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Thomas S. A. Wallis, Christopher Patrick Taylor, Jennifer Wallis, Mary Lou Jackson, Peter J. Bex; Characterization of Field Loss Based on Microperimetry Is Predictive of Face Recognition Difficulties. Invest. Ophthalmol. Vis. Sci. 2014;55(1):142-153. doi: https://doi.org/10.1167/iovs.13-12420.
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© ARVO (1962-2015); The Authors (2016-present)
To determine how visual field loss as assessed by microperimetry is correlated with deficits in face recognition.
Twelve patients (age range, 26–70 years) with impaired visual sensitivity in the central visual field caused by a variety of pathologies and 12 normally sighted controls (control subject [CS] group; age range, 20–68 years) performed a face recognition task for blurred and unblurred faces. For patients, we assessed central visual field loss using microperimetry, fixation stability, Pelli-Robson contrast sensitivity, and letter acuity.
Patients were divided into two groups by microperimetry: a low vision (LV) group (n = 8) had impaired sensitivity at the anatomical fovea and/or poor fixation stability, whereas a low vision that excluded the fovea (LV:F) group (n = 4) was characterized by at least some residual foveal sensitivity but insensitivity in other retinal regions. The LV group performed worse than the other groups at all blur levels, whereas the performance of the LV:F group was not credibly different from that of the CS group. The performance of the CS and LV:F groups deteriorated as blur increased, whereas the LV group showed consistently poor performance regardless of blur. Visual acuity and fixation stability were correlated with face recognition performance.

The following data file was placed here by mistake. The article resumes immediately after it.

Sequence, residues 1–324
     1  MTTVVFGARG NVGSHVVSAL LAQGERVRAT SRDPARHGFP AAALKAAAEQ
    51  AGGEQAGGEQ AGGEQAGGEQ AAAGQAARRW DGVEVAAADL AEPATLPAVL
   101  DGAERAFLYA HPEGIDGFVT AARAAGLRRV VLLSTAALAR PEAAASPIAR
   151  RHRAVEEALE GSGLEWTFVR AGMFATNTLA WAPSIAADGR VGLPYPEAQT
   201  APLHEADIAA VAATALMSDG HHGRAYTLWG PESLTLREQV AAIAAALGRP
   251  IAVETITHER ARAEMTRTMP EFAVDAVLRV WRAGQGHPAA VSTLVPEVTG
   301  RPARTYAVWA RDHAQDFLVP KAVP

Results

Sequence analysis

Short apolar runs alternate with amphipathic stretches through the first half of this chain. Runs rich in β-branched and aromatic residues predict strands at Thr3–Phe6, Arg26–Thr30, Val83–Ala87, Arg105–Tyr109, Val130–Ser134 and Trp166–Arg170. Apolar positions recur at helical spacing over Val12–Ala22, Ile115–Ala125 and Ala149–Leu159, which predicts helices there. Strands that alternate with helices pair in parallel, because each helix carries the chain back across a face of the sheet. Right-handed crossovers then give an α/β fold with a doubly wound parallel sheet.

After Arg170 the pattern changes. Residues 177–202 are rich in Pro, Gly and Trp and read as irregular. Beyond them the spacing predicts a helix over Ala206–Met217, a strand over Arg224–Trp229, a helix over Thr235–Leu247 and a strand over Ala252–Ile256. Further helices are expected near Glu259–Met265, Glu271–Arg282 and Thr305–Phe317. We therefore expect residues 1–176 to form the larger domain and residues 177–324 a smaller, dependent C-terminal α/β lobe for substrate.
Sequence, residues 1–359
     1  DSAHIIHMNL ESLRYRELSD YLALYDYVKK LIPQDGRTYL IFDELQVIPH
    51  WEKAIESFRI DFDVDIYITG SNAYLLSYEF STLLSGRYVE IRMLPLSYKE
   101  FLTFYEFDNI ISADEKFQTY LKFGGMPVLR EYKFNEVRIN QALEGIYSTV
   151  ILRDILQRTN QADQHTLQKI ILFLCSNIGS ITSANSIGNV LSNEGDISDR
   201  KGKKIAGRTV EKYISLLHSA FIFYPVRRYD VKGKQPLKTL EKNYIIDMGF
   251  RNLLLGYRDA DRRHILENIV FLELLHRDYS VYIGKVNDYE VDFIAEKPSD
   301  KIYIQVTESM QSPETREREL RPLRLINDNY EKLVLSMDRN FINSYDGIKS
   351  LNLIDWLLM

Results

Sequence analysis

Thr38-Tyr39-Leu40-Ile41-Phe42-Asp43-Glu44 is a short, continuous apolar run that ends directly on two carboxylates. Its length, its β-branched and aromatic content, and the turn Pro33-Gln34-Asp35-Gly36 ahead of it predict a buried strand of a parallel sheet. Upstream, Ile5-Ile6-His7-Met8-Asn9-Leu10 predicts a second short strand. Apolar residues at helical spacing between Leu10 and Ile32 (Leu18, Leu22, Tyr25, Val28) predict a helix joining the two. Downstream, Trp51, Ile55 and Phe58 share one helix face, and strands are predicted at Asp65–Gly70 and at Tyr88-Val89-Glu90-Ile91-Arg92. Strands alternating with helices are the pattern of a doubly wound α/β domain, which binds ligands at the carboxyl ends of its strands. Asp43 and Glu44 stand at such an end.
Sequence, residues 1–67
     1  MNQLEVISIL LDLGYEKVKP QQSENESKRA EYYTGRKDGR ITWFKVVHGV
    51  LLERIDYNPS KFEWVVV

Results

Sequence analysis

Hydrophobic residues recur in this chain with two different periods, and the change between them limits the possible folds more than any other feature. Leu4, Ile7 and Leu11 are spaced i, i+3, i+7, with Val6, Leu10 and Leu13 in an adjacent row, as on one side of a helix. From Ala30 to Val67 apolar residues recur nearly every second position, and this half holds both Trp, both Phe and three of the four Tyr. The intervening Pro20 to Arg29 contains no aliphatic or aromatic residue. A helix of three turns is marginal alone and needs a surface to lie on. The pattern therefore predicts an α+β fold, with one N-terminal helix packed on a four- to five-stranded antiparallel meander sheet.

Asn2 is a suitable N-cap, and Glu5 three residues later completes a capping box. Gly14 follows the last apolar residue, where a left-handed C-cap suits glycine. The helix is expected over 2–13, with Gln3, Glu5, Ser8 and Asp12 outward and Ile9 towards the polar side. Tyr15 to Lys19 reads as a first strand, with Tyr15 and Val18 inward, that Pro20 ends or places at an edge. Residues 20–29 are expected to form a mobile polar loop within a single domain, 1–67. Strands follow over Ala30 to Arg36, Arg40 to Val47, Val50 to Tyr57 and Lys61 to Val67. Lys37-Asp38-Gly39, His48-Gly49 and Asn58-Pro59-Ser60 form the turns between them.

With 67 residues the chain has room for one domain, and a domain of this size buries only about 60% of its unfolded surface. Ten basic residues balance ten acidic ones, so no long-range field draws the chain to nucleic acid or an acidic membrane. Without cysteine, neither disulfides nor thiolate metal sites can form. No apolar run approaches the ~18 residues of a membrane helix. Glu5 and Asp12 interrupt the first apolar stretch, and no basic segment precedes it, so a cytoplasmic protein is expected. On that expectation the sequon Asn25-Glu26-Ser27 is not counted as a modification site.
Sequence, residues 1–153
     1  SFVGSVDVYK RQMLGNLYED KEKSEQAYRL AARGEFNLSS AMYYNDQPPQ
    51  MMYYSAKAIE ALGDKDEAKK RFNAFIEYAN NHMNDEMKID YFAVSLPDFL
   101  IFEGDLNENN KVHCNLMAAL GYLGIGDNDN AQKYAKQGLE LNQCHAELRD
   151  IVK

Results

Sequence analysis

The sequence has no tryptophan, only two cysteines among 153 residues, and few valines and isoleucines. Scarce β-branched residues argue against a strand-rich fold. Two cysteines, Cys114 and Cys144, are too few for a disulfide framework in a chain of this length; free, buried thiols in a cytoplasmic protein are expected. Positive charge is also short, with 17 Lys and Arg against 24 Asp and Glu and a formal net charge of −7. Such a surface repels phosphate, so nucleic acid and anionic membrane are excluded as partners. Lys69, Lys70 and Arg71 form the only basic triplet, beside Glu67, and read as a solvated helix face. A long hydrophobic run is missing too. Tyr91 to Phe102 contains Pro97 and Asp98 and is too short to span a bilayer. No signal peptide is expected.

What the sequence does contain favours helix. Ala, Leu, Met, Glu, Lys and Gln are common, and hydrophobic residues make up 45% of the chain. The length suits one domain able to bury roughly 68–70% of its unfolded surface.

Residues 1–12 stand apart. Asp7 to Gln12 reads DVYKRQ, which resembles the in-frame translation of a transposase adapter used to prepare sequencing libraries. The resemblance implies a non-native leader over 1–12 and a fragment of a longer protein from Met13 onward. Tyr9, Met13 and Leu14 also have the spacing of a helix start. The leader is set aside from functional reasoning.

Persons diagnosed as having disease affecting the central visual field can recognize faces as well as persons with no visual disease provided that they have residual sensitivity in the anatomical fovea and show stable fixation patterns. Performance in this task is limited by the upper resolution of nonfoveal vision or image blur, whichever is worse.
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